"...Also, echoing last January’s Res. 806, Res. 822 demands that the Haitian government disarm its partisans with "the active cooperation of the International Community" and undertake the "effective prosecution of any person, and dismissal, when appropriate, of any person found to be author of or accomplice in the violence of Dec. 17, 2001, and subsequent days." On that date, government partisans burned and looted opposition leaders’ homes and headquarters following an unsuccessful attempted assassination of President Jean-Bertrand Aristide by a 30-man armed commando unit (see Haïti Progrès, Vol. 19, No. 40, 1/19/2001).

The penniless Haitian government is also commanded to undertake "prompt reparation for organizations and individuals who suffered damages as a direct result of the violence."
(OAS Resolution Augurs Return of Foreign Troops Not Aid, Haiti Progres, Sept. 11, 2002
http://www.haitiprogres.com/2002/sm020911/eng09-11.html )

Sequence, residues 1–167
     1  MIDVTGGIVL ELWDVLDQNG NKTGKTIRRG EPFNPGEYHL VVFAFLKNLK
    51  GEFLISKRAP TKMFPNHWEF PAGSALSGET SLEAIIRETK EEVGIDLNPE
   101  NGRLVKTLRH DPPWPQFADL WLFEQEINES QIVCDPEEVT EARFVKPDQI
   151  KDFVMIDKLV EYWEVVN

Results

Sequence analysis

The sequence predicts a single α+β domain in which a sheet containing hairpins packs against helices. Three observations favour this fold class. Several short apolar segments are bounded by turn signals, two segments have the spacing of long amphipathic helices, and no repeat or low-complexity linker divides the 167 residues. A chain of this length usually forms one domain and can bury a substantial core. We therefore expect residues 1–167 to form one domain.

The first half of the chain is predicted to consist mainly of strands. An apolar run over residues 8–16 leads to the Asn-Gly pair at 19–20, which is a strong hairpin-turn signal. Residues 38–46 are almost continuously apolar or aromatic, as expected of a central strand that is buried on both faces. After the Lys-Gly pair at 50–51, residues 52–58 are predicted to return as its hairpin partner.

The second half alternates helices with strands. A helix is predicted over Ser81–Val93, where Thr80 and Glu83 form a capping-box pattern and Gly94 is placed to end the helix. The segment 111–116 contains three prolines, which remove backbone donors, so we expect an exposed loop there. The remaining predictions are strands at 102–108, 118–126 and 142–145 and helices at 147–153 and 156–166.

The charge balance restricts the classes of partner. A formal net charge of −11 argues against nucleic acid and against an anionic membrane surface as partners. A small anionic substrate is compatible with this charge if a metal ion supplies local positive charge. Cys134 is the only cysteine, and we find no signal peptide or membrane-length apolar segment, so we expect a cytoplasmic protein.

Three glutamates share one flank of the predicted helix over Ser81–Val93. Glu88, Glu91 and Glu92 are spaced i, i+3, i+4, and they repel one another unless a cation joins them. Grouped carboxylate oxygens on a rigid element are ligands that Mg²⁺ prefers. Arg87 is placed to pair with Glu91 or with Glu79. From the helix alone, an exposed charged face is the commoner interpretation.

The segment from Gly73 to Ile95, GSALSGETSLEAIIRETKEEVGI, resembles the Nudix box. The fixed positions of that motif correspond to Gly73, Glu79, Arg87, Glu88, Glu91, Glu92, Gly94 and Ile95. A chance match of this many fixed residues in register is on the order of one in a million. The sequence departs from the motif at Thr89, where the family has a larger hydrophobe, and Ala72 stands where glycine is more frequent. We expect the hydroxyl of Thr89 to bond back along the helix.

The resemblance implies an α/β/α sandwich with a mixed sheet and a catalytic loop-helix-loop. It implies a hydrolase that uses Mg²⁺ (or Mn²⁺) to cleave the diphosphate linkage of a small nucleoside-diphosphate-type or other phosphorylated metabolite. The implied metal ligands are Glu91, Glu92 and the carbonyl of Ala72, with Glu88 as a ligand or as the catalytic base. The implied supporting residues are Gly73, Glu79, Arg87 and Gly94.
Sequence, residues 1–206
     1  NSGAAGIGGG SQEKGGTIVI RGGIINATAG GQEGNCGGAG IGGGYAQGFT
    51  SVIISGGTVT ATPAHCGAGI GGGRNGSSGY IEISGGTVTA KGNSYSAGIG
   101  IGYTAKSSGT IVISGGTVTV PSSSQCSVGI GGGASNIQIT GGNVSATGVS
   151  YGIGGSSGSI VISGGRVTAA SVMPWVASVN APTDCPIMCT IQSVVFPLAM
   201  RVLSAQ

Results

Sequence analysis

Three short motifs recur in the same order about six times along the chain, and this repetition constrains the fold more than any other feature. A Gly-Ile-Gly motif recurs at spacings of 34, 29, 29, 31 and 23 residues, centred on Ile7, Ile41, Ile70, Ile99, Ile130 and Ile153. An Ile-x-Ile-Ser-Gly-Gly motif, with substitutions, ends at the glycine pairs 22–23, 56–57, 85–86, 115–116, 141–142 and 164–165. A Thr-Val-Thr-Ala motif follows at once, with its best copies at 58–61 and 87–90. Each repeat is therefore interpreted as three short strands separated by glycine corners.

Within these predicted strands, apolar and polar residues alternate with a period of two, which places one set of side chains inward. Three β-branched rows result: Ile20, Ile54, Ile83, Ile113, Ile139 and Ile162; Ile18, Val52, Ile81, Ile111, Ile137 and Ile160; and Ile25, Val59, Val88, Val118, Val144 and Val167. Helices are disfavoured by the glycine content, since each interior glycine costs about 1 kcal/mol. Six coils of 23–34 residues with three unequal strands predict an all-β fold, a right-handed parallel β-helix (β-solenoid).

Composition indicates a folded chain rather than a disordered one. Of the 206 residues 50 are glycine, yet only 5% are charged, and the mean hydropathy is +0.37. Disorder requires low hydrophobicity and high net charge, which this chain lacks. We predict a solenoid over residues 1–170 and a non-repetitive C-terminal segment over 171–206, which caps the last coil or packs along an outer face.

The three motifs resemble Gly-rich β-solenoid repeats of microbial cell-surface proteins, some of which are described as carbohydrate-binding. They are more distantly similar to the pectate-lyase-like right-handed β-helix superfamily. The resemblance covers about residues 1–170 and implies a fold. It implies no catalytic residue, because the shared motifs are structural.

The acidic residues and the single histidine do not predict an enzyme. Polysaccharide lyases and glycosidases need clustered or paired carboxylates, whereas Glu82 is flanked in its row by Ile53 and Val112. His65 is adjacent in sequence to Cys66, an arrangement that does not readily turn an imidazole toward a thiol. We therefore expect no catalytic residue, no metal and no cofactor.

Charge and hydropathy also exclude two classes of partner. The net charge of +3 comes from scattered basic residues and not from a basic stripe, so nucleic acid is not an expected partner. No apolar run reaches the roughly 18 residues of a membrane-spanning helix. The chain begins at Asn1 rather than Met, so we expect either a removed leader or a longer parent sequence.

"...Furthermore, last week, David Lee, the Canadian OAS special representative to Haiti, scolded the Haitian government that there "is still much to do" in implementing Res. 822, in particular the round-up and disarmament of government supporters who ransacked opposition homes and headquarters on Dec. 17, 2001, following an assassination attempt on President Jean-Bertrand Aristide. Lee called the pursuit of Dec. 17 rioters outlined last month in a Haitian Justice Ministry preliminary report"fictitious" and reminded the government that its treasury-emptying compensation of opposition leaders with millions of gourdes "is not yet completed." (Faced with U.S. Arrogance, New Popular Movement Grows, Haiti Progres, Oct. 16, 2002)

"...Res. 822, passed on Sep. 4, represents just one more loop in the noose being tightened around Haiti’s neck.